No mystique to feminine humanity, Ma Joad, a mother superior:
Every woman, or at least almost every woman, has, at one time or another of her life, charge of the personal health of somebody, whether a child or an invalid - in other words, every woman is a nurse.
That's not the podium pronouncement of a 1960s feminist. It's the observation (along with many practical health care guides and recommendations) that Florence Nightingale promoted -- based, in large part, on two very different scenes of experience: In 1853, she became superintendent of the London charity-supported Institution for Sick Gentlewomen in Distressed Circumstances. From 1854 to 1856, as "the Lady with the Lamp," she tended to the sick and wounded in military hospitals during the Crimean War.
As an impatient patient-advocate, Florence Nightingale saw the need for women to have "everyday sanitary knowledge." She saw the need to provide "hints" as to how women could teach themselves to "put the constitution in such a state as that it will have no disease, or that it can recover from disease." Her Notes on Nursing: What it is, and what it is not was first published in 1859, when there were no formal schools of nursing -- and, in some sense, no formally-trained nurses.
In The Grapes of Wrath -- first published in 1939 -- there are four women whose temperaments and coming-to-terms dispositions would qualify them as Nightingale disciples.
Deliverance: Sairy Wilson's helpfulness regarding Grampa Joad's decline and "departure"
A "wizened, small and shuddering woman" whose face and hands are "wrinkled as a dried leaf," Sairy Wilson "holds herself upright by a tent flap." She is not well: "jus' pain covered with skin." And yet, she greets the Joads most cordially: "her voice had a beautiful low timbre, soft and modulated, and yet with ringing overtones."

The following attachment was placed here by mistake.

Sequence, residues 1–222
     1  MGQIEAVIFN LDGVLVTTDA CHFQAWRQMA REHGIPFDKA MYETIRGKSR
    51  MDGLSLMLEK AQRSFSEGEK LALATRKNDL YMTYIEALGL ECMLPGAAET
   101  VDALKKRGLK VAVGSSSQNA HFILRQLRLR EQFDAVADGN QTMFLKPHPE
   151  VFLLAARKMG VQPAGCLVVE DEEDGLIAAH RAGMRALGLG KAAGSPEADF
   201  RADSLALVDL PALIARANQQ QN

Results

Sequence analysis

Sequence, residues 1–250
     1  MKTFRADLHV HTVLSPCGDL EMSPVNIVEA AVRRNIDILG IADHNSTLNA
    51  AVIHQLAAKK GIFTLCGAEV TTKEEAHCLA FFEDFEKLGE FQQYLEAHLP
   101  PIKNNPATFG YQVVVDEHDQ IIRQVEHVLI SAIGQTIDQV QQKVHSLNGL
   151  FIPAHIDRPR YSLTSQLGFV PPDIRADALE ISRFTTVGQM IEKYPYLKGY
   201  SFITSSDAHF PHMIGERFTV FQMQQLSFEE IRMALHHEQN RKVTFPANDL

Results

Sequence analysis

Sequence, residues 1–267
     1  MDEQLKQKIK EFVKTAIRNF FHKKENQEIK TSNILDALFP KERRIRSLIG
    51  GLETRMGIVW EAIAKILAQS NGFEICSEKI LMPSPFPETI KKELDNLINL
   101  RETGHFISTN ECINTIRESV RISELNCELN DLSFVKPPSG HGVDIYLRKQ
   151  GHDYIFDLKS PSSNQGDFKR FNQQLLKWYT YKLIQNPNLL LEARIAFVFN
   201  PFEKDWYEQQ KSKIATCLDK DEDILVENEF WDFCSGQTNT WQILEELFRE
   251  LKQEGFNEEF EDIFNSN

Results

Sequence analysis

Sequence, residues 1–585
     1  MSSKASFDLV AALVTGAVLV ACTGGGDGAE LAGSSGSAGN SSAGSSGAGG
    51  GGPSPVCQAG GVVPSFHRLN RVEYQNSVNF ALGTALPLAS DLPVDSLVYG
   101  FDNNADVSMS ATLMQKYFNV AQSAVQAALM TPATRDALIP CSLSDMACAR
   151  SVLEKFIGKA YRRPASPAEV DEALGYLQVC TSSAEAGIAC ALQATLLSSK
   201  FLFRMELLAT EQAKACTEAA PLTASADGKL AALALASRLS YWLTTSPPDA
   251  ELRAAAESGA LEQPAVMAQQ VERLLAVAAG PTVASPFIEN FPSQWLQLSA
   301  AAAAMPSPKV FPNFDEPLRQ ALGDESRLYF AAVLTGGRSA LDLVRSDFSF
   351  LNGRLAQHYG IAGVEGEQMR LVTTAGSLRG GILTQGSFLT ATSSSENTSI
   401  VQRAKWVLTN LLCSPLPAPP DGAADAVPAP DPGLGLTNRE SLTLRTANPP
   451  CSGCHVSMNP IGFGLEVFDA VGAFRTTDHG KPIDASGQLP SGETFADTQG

The Wilsons have just met the Joads, when Grampa Joad sits limply, staring blankly ahead of him, and weakly sputters, "I'm sicker'n hell."
The Wilson's car has "broke down" and the Wilsons despair of their chances of completing their long trek from Arkansas hard-scrapple to the promised land of lush California. But that hardship does not sputter Sairy's welcome and hospice-like hospitality. Slowly and carefully, she walks toward Grampa and asks: "How'd you like ta come in our tent? You kin lay down on our mattress an' rest."
Grampa looks up at Sairy, "drawn by her soft voice." She continues with the offer: "Come on now. You'll git some rest. We'll he'p you over."
While the road-weary Joads unload and begin to make camp, Sairy kneels by the mattress and tries to comfort Grampa who breaths heavily; his "lips practiced a speech but did not speak it... A struggle began in the old man's body, his legs moved restlessly and his hands stirred. He said a whole string of blurred sounds that were not words, and his face was red under the spiky white whiskers."
Sairy studies the "twitching red face." She has seen the signs three times before. Reluctantly, she makes an accurate diagnosis: "He's workin' up a stroke."
Grampa's muscles twitch. "Suddenly as though jarred under a heavy blow," he lays still, breathing stopped; his face turning blackish purple. Sairy instructs preacher Casy to pry apart Grampa's tight jaws and reach in so that the old man doesn't gag on his tongue. The tongue lifted clear, "a rattling breath came out and a sobbing breath was indrawn... the uneven breath rattled in and out."
Spared a convulsive death, Grampa's rasping breath becomes louder until he emits "a long gasping sigh" -- "then a crying release of air." Mattress-side, Sairy sits by Gramma.
To spare the family the delay and expense of a formal undertaker's burial (or the indignity of pauper's grave), Grampa is laid to rest by his kin, surreptitiously, by the side of the road -- in the quilt Sairy had volunteered for the sick bed.
Deliverying: Mrs. Wainwright as practical nurse and midwife